Examples of cardiovascular conditions include coronary artery disease, ischemic cardiomyopathy, myocardial ischemia, and ischemic or post-myocardial ischemia revascularization.

The invention also involves treating a subject at risk for developing a cardiovascular condition. The degree of risk of a cardiovascular condition depends on the multitude and the severity or the magnitude of the risk factors that the subject has. Risk charts and prediction algorithms are available for assessing the risk of cardiovascular conditions in a human subject based on the presence and severity of risk factors. One commonly used algorithm for assessing the risk of a cardiovascular condition in a human subject based on the presence and severity of risk factors is the Framingham Heart Study risk prediction score. A human subject is at an elevated risk of having a cardiovascular condition if the subject's 10-year calculated Framingham Heart Study risk score is greater than 10%.

Another method for assessing the risk of a cardiovascular event in a human subject is a global risk score that incorporates a measurement of a level of a marker of systemic inflammation, such as CRP, into the Framingham Heart Study risk prediction score. Other methods of assessing the risk of a cardiovascular event in a human subject include coronary calcium scanning, cardiac magnetic resonance imaging, and/or magnetic resonance angiography.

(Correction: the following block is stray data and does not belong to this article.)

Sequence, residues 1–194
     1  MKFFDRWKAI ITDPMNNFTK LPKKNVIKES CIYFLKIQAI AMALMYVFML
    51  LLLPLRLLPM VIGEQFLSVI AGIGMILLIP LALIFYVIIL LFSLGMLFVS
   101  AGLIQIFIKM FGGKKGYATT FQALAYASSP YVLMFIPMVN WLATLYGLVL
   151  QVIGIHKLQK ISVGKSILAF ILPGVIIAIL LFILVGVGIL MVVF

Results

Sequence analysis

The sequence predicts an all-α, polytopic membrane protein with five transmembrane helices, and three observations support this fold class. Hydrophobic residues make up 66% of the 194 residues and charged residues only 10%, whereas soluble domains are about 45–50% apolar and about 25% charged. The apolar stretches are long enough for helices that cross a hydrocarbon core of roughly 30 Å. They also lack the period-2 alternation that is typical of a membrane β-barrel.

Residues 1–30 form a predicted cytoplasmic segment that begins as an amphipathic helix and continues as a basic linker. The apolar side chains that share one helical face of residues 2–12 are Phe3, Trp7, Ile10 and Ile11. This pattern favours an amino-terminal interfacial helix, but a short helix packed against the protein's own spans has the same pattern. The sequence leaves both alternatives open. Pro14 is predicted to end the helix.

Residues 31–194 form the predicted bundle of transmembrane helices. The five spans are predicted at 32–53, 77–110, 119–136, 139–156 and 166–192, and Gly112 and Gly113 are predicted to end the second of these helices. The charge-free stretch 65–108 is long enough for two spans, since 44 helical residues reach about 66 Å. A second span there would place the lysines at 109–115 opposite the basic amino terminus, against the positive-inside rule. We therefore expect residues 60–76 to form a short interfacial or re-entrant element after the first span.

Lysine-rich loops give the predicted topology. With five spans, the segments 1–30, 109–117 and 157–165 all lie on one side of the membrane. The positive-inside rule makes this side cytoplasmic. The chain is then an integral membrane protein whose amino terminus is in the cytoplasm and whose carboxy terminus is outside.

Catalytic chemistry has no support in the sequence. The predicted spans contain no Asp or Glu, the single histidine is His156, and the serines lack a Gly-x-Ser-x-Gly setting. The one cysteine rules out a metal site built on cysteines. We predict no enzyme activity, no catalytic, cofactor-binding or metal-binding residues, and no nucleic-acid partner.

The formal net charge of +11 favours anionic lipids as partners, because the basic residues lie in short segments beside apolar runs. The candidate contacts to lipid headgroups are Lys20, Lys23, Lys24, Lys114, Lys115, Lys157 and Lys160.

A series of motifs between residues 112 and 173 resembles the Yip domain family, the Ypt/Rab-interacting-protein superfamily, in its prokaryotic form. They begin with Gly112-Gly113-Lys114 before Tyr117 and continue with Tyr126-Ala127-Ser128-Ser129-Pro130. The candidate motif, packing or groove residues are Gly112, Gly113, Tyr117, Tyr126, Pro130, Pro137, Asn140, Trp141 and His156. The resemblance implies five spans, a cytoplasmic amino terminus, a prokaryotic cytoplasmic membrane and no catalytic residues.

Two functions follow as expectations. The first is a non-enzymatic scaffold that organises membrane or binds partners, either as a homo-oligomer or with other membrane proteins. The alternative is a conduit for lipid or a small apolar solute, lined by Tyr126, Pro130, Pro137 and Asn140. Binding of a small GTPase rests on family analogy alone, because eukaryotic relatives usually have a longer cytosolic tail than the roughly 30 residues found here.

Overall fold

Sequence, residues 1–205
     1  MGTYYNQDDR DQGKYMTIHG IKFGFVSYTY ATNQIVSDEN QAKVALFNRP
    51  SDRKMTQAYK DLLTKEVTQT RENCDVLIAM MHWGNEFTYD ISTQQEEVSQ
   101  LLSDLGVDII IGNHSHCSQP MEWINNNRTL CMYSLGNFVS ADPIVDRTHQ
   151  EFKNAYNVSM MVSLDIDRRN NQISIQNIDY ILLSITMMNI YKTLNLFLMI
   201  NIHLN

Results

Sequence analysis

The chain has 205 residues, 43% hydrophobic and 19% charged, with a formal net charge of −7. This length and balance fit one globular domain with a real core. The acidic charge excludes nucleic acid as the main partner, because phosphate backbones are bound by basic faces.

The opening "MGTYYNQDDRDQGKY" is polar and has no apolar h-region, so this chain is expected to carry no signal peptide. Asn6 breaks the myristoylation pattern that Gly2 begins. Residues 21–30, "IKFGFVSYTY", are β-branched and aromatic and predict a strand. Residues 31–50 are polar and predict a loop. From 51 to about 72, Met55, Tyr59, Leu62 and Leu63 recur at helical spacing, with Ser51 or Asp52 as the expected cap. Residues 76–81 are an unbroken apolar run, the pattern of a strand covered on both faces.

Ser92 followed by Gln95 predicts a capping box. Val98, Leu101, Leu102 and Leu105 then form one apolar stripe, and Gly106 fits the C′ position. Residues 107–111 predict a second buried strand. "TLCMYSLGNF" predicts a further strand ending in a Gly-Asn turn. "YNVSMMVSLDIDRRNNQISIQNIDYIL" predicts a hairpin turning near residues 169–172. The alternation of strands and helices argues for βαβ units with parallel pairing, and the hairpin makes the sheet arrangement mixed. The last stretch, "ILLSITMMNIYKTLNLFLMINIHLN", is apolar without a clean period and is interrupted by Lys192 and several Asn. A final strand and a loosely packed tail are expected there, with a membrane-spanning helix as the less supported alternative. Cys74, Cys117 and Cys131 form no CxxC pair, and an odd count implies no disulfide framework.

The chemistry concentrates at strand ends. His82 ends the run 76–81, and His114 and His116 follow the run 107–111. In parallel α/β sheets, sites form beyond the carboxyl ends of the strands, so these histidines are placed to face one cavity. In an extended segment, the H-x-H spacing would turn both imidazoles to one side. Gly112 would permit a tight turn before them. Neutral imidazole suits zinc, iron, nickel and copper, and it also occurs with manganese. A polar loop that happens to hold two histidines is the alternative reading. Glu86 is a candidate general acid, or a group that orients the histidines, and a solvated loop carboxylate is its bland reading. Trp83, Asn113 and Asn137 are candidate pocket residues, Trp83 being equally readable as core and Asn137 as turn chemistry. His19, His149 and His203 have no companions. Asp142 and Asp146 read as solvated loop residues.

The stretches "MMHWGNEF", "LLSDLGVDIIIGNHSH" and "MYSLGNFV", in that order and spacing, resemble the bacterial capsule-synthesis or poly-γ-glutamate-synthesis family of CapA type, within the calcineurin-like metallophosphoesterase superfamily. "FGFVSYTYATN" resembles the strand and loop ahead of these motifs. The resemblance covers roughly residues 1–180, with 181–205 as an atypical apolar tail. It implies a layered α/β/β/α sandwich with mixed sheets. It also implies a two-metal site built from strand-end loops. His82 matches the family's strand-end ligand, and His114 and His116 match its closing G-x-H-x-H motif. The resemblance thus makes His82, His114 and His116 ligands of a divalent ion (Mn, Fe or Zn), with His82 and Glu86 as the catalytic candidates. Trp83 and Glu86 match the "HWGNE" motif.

The invention involves methods of treatment comprising administering an effective amount of a superoxide dismutase (SOD) mimetic and a Se compound. As used herein the term “SOD mimetic” encompasses compounds that convert or catalyze the conversion of superoxide anions into hydrogen peroxide and molecular oxygen. SOD mimetics include but are not limited to manganese-tetrakis (4-benzoic acid) porphyrin (MnTBAP) M40403 (Samlowski WE et al., Nature Medicine 2003;9:750-755), metalloporphyrins, manganese salen complexes, nitroxides, manganese (II) (pentaazamacrocyclic ligand)-based complexes and organic ligands having a pentaazacyclopentadecane portion and a chelated transition metal ion, preferably manganese or iron. SOD mimetics include catalysts containing short-chain polypeptides (e.g., under 15 amino acids), and macrocyclic structures derived from amino acids, as the organic ligand. In some embodiments, SOD mimetics include pentaaza-macrocyclic ligand compounds, such as copper, manganese(II), manganese (III), iron(II) and iron(III) chelates of pentaazacyclopentadecane compounds.